The even shorter-term two-hour chart shows that BTC is trading inside a symmetrical triangle and is very close to its support line, which coincides with the $56,500 horizontal support area. 

Therefore, a breakdown from it would likely accelerate the drop.

Wave count

The wave count suggests that BTC is in the C wave (red) of an A-B-C corrective structure. This means that after the correction is complete, the upward movement is expected to resume. 

The sub-wave count is shown in pink. It shows that BTC is in wave five of the correction, which is the final phase. 

There is a considerable Fib confluence between $53,250-$53,800, created by: 

  • Length of sub-wave one (pink)
  • External retracement of sub-wave four (white)
  • Length of wave A (red)

These levels also coincide with the long-term Fib support outlined in the first section. Therefore, BTC is expected to reach a low in this area before reversing.

For BeInCrypto’s previous Bitcoin (BTC) analysis, click here.

Disclaimer

All the information contained on our website is published in good faith and for general information purposes only. Any action the reader takes upon the information found on our website is strictly at their own risk.

Go to Source

Continue Reading

Bit Coin

South Korea Crypto P2P Trading Hits New Highs as Regulators Debate Taxation

Published

on

South Korea Crypto P2P Trading Hits New Highs as Regulators Debate Taxation

P2P crypto trading has hit a new all-time high in South Korea, data from LocalBitcoins shows. The jump in P2P trading comes at a time when there is a lot of uncertainty surrounding regulation in the country.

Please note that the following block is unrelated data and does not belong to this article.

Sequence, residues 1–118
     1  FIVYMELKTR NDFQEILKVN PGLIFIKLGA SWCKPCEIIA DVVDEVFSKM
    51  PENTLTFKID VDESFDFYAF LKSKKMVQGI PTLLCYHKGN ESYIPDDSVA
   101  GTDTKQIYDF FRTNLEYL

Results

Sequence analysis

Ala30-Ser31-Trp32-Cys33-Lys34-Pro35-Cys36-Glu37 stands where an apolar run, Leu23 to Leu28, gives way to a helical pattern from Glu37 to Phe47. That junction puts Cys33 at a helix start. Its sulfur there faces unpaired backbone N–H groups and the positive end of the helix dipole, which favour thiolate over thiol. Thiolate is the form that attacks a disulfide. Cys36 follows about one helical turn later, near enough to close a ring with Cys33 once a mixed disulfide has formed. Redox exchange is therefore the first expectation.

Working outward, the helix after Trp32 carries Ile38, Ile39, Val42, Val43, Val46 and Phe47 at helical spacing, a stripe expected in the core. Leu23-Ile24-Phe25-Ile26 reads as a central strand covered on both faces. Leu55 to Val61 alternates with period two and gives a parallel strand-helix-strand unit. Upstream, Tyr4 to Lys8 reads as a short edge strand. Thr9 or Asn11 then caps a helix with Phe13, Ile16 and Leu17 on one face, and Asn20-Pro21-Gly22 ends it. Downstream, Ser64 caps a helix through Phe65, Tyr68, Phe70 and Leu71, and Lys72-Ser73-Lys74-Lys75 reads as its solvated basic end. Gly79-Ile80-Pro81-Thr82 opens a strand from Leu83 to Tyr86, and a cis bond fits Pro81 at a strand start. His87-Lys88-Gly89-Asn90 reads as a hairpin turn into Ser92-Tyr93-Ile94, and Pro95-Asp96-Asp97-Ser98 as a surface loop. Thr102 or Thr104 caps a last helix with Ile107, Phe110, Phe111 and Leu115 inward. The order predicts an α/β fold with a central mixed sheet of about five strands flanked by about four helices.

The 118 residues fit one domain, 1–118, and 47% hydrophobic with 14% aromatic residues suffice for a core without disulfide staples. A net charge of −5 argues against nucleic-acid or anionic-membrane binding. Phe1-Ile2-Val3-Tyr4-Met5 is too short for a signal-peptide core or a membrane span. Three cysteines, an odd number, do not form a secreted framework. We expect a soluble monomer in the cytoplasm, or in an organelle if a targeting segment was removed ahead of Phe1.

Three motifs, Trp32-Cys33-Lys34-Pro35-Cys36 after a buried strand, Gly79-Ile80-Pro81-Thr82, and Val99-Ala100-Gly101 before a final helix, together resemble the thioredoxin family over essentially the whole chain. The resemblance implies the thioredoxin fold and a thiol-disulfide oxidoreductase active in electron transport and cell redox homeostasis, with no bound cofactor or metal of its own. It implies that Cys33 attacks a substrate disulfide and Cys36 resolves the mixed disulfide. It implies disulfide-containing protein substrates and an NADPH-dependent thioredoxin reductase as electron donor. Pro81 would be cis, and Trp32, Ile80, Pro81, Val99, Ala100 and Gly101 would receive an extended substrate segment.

Peer-to-peer trading of cryptocurrencies in South Korea is hitting all-time highs as regulators offer some ambivalent comments on regulation. Data from LocalBitcoins shows that over 353 million in Korean Won was traded in the first week of November. This is a significant jump from previous weekly volumes.

South Korean P2P trading volume: Coin Dance

Pondering crypto tax

The increased interest in P2P trading comes as regulators are working on implementing a regulatory framework. South Korea, already one of the leading governments when it comes to cryptocurrency market regulation, is doubling down on its bid to prevent any illicit activity.

The high P2P volume may be a result of investors seeking to make the most of their capital as regulators bear down. Recent reports have indicated that there is some confusion among investors because of the lack of clarity surrounding regulation.

One of the primary issues is the implementation of crypto taxation. South Korea officials announced that it would tax the asset class, to the tune of 20%.

But lately, reports have suggested that there could be a change or complete repeal to this taxation scheme. The taxation law will come into effect in 2022, though it remains unclear about what specific form it will take.

NFT regulation is also throwing more confusion into the mix, as the Financial Services Commission (FSC) said in early November that it would not subject the special asset to taxation. However, later, the Vice Chairman of the organization said that tax provisions would be made for NFTs.

Uncertainty still looms

At the moment, it’s uncertain exactly what the regulatory landscape in South Korea will look like, given the lack of conclusion so far. The South Korean opposition party challenged the taxation scheme and pushed for a delay to 2023, demanding a more generous tax plan.

Exchanges are one of the major elements of the industry under the microscope, with 2021 seeing the first regulatory compliance certifications being sent to them. Several exchanges have had to shut down following regulatory scrutiny.

As it stands, it’s unclear what the specifics of crypto regulation will be. However, it’s almost certain that there will be a framework implemented, and whether or not it is stricter than investors like remains to be seen.

Disclaimer

All the information contained on our website is published in good faith and for general information purposes only. Any action the reader takes upon the information found on our website is strictly at their own risk.

Go to Source

Continue Reading
Home | Latest News | Cryptocurrency | Bit Coin | The crypto industry is still waiting for its ‘iPhone moment’
a

Market

Trending